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Saproxylic beetles in natural and man-made deciduous high stumps retained for conservation
Department of Entomology, SLU, Sweden.
Department of Applied Environmental Science, Göteborg University, Göteborg, Sweden.
Swedish Society for Nature Conservation, Stockholm, Sweden.
2004 (English)In: Biological Conservation, ISSN 0006-3207, E-ISSN 1873-2917, Vol. 118, no 2, 163-173 p.Article in journal (Refereed) Published
Abstract [en]

Intensive forest management in Scandinavia has decreased the amount of dead wood required by saproxylic (wood-living) organisms. To reduce this problem, some dead wood is now retained during forest operations, often in the form of man-made high stumps (ca. 4 m high). Most often these stumps are cut with a harvester, although the stumps in this study were made with explosives. The aims of this study were to determine whether such stumps of aspen (Populus tremula) and birch (Betula spp.) could be used by red-listed saproxylic beetles (Coleoptera), and to examine how the fauna of man-made high stumps differs from that of natural stumps. We also studied how tree species, sun-exposure, stage of decay and trunk diameter influenced the fauna. In 169 samples of bark from high stumps 116 saproxylic species were found, of which 21 were red-listed. Many species, including red-listed ones, were more associated with man-made stumps than with natural stumps. However, in total, more species were found in the natural than in the man-made stumps. This is probably because man-made stumps provide a more homogeneous type of wood substrate than natural ones. Among the other variables the difference between aspen and birch was the most important. We conclude that man-made high stumps are valuable habitats for many saproxylic beetle species.

Place, publisher, year, edition, pages
Elsevier, 2004. Vol. 118, no 2, 163-173 p.
Keyword [en]
coleoptera, dead wood, CWD, forestry, boreal forest
National Category
Biological Sciences
Research subject
Biology
Identifiers
URN: urn:nbn:se:oru:diva-46419DOI: 10.1016/j.biocon.2003.08.017ISI: 000221342000005Scopus ID: 2-s2.0-1842787552OAI: oai:DiVA.org:oru-46419DiVA: diva2:867087
Available from: 2015-11-04 Created: 2015-11-04 Last updated: 2015-11-04Bibliographically approved
In thesis
1. Habitat composition and restocking for conservation of the white-backed woodpecker in Sweden
Open this publication in new window or tab >>Habitat composition and restocking for conservation of the white-backed woodpecker in Sweden
2015 (English)Doctoral thesis, comprehensive summary (Other academic)
Abstract [en]

In Sweden, intense human land use, especially forestry, has led to profound changes in the landscape over time, especially within the forest ecosystems. A consequence of this is that several specialist species have become endangered. One group of specialists is the woodpeckers. The middle spotted woodpecker became extinct in Sweden in 1982 and the white-backed woodpecker is today Sweden’s most critically endangered forest-living bird. The white-backed woodpecker is dependent on old deciduous forests, rich in dead wood. The woodpecker is areademanding and hence one of the best indicators or umbrella species for biodiversity in this region. A long-term goal within the conservation of the species is to be able to make more accurate predictions of what is needed in the species habitat to establish a viable population, both in terms of composition of landscape and breeding territories. In addition to earlier studies better tools are needed for measuring the distribution of suitable and potential habitats and finding faster ways of creating optimal habitats. In an attempt to secure the future existence of the white-backed woodpecker in Sweden, restocking of birds are carried out. This presupposes availability of suitable habitats as well as strong enough landscape. Due to intense forestry the presumption for the species is, as stated above, alarming. Comparing the different populations around the Baltic Sea and Norway, great differences but also similarities can be seen, in landscape as well as in territory composition. It seems that fragmentation of foraging patches as well as amount of dead deciduous wood within the breeding territory is critical matters. Grey alder stands in Sweden should have high priority in conservation of habitat for the species.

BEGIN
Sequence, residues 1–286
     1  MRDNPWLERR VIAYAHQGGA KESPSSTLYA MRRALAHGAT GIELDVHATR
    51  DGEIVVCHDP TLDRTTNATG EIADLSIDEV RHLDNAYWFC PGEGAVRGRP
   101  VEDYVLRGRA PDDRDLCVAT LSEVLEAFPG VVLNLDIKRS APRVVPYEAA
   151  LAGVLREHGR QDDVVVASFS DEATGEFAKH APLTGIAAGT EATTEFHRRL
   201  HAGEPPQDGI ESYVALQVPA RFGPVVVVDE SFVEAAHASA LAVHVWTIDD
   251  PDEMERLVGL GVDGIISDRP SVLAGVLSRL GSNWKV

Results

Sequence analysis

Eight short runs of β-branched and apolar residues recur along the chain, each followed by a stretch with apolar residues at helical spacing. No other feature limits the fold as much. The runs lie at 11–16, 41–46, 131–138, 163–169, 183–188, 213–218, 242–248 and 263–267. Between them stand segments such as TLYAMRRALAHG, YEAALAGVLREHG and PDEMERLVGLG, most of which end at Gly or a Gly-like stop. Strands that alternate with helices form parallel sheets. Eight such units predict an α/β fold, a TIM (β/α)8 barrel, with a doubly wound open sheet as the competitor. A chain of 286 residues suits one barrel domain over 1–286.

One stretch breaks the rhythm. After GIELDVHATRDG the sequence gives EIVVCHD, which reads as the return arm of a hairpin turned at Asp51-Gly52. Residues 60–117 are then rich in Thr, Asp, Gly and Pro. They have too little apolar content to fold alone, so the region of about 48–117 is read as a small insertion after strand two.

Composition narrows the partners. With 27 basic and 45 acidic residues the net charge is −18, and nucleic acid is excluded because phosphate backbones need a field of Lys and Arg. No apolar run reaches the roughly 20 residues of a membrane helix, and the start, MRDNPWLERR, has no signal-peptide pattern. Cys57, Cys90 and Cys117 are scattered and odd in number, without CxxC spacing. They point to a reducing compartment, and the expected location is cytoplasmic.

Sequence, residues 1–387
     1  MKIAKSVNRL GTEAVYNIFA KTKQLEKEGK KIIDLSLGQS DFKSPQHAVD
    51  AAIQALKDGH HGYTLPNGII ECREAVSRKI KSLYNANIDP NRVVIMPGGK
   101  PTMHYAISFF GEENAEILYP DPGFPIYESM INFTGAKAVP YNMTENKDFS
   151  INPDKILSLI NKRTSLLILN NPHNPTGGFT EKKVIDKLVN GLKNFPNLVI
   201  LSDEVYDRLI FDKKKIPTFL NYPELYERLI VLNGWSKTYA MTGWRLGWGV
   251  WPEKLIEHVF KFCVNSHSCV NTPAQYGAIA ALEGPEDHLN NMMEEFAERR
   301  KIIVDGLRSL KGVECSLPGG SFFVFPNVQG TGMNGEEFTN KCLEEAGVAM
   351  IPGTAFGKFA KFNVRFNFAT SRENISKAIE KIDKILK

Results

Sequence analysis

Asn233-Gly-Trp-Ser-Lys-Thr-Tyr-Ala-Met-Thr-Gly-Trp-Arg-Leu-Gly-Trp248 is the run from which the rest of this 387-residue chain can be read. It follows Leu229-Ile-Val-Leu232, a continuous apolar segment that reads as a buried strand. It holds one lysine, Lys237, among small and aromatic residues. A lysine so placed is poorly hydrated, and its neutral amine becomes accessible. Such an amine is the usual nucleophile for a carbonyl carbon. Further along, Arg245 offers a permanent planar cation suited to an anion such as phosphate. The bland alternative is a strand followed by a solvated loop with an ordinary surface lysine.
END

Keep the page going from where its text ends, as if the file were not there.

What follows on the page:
Place, publisher, year, edition, pages
Örebro: Örebro university, 2015. 54 p.
Series
Örebro Studies in Life Science, 14
Keyword
White-backed woodpecker, Dendrocopos leucotos, Sweden, deciduous forest, suitable habitat, fragmentation, saproxylic insects, captive breeding, restocking
National Category
Biological Sciences
Research subject
Biology
Identifiers
urn:nbn:se:oru:diva-46073 (URN)978-91-7529-101-7 (ISBN)
Public defence
2015-11-27, Hörsalen, Musikhögskolan, Örebro universitet, Fakultetsgatan 1, Örebro, 10:00 (English)
Opponent
Supervisors
Note

Funding agency: Swedish Society for Nature Conservation (SSNC)

Available from: 2015-10-13 Created: 2015-10-13 Last updated: 2016-12-13Bibliographically approved

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